Sometime ago, I was on Pinterest and came across some fabulous image that I pinned. I must have then followed the image to its home where I found Suzonne Stirling’s delightful blog, Urban Comfort. Suzonne is a professional magazine stylist with an amazing ability to work on multiple holiday decoration projects simultaneously at the wrong times of the year. She’s an author of two sweet little baby room inspiration books, a New Orleanian, a wife, a mama, and has a passion for creating unique cocktails, baking,  recreating antiques, and throwing herself head-first into her current challenge which usually ends up better than she’d imagined. She lives a passionately creative life.

plaster dipped flowers from Urban Comfort via

I’ve been subscribed to her beautiful and simple blog for some time, gawking at the pictures she takes and magazine spreads she creates for a living. She is a consummate professional, painstakingly detail oriented, and all of her pictures and DIYs are thorough. I’ve lifted these pictures from some of my favorite posts/projects. Easter eggs with fabric patterns, The vellum moths on the candle sticks with industrial light bulbs, the mirror with plaster of Paris dipped flowers, and the pictures she took stalking around the French Quarter at nighttime with her friend Tristan. 

vellum moth on industrial bulb from Urban Comfort via

This past year, I peeled myself from the woodwork and said hi to Suzonne. She said hi back. Yay. And I probably gushed when she actually paid a visit to my blog around Christmas time to find out how I was doing with my holiday neuroses. One of my new-found themes of interest has been on the subject of mothering and creating and how these work together or don’t for each creative parent. And so I kindly asked Suzonne if she might answer a few questions about these subjects. I offered,”There are many other domestic artistics out there and I’m curious to see how we all feel.” Her responses are very interesting, very honest, and very familiar in many ways.  My questions are in the italics.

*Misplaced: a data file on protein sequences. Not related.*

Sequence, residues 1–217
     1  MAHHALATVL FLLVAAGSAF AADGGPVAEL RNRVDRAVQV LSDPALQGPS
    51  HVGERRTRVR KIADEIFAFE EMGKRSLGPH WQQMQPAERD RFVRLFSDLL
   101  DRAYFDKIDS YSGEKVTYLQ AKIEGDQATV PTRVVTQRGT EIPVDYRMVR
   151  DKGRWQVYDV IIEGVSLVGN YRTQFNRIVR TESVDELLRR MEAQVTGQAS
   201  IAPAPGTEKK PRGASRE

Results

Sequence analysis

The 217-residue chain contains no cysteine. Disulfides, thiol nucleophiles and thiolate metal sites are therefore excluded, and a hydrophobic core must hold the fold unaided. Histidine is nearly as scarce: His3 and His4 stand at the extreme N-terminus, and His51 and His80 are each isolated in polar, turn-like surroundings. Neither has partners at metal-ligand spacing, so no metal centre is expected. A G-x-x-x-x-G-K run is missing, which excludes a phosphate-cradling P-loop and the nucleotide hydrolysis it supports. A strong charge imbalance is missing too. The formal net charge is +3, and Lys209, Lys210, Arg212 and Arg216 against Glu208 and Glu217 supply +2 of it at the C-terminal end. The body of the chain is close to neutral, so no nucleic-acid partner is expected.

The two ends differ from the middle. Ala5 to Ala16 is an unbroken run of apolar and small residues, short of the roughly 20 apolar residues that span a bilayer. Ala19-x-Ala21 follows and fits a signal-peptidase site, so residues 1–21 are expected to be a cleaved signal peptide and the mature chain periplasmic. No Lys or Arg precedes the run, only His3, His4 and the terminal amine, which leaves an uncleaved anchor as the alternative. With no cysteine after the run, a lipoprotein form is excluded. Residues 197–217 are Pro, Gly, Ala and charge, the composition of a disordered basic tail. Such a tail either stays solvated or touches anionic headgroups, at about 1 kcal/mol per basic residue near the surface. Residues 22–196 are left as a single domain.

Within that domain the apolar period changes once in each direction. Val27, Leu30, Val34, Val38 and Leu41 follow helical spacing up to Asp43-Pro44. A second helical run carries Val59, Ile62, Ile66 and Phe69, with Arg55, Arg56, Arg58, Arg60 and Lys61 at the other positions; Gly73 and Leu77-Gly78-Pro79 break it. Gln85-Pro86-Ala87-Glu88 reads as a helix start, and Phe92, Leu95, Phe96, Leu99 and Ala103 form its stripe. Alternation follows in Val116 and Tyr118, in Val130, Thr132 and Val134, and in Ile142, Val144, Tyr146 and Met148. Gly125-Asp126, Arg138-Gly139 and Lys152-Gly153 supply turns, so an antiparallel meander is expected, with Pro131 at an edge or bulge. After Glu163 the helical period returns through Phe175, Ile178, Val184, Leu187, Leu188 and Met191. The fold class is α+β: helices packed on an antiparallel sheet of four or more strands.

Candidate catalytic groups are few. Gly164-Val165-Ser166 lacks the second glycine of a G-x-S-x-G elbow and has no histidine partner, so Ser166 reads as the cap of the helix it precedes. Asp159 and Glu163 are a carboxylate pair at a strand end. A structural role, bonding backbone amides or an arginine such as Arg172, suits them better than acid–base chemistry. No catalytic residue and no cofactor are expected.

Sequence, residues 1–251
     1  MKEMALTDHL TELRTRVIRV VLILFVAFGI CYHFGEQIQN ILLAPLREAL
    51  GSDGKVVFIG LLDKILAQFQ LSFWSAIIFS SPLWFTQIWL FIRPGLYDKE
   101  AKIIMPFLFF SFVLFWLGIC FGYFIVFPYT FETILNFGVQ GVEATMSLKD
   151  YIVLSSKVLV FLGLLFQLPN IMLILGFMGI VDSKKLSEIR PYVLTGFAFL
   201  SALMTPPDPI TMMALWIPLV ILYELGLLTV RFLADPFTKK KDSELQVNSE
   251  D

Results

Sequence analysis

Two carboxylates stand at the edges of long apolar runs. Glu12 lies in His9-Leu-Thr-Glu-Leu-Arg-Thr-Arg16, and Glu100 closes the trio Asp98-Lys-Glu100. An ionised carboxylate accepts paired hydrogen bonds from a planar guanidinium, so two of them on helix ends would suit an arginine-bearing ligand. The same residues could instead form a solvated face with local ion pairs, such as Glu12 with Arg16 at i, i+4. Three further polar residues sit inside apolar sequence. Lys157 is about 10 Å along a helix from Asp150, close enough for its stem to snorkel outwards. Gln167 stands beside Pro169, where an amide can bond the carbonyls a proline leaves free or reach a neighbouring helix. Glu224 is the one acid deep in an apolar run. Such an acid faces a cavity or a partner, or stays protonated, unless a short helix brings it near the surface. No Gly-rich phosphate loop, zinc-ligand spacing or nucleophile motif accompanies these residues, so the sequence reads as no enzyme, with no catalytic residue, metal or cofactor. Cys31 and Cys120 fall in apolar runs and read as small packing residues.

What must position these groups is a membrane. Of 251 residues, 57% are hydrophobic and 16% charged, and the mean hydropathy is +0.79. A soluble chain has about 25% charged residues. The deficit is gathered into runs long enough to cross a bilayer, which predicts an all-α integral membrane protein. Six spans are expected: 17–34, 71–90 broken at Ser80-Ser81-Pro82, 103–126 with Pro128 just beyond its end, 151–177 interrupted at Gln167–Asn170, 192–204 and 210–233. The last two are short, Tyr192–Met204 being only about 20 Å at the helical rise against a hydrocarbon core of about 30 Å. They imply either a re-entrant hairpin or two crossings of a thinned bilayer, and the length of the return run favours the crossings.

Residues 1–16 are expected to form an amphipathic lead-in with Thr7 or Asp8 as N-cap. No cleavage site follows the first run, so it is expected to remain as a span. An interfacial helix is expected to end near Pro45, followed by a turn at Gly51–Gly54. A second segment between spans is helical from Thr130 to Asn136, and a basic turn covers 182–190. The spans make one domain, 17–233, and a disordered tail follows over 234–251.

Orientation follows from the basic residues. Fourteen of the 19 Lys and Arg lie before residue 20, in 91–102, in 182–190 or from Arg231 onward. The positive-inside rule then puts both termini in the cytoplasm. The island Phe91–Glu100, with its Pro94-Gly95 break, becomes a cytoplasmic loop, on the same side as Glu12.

You have a boy around the same age as my boy right? When I had my children, especially having this second one when I’m just getting on a blog roll, I feel I need to work twice as hard to maintain my separate creative self. Have you ever felt a need to work harder to maintain or increase your image as a creative or to be successful as it relates to being a mother as well?

I have a 7 year-old son and before he was born I was completely oblivious to how it would change not only my creative life, but my work life (complicated by the fact that my work life requires me to be creative in the first place). I was about a week past my due date and sick of waiting for birth, so I took on a magazine assignment to occupy my time. When I finally went into labor a few days later, I was in full swing, all of my projects laid out and waiting. When I returned from the hospital, after an unexpected C-section, all of those projects were still laid out in my kitchen and had to be completed. It was the hardest deadline I’ve ever had to meet. I pulled it off, but it was a very rude awakening. I had grown so accustomed to working whenever I wanted, all hours of the day or night, and suddenly there were more pressing concerns.

I felt a bit panicky for the entire first year of my son’s life. I constantly felt like I was treading water, unable to ever get into a creative groove since my work was broken up into small increments of time. It was scary, being a freelancer, and I wasn’t sure if my career would survive motherhood. But it definitely got easier over time and when my son was ready for preschool at the age of 4 it felt like an incredible luxury to have 6 hours of uninterrupted creative work time – an amount of time I would have scoffed at before becoming a mother.

leaf bowl from Urban Comfort by Suzonne Stirling via

Do you feel there’s a societal conflict between creating, success, and mothering?

I think we’ve grown accustomed to seeing women “having it all,” so we don’t necessarily question whether a woman can be a successful creative, business woman, and a successful mother at the same time. But I think in some ways that it’s a disservice to women. Without help of some sort, I think it’s nearly impossible to do it all well, all of the time. I think those women who make it look so easy are either spinning in circles behind the scenes or benefitting from outside help.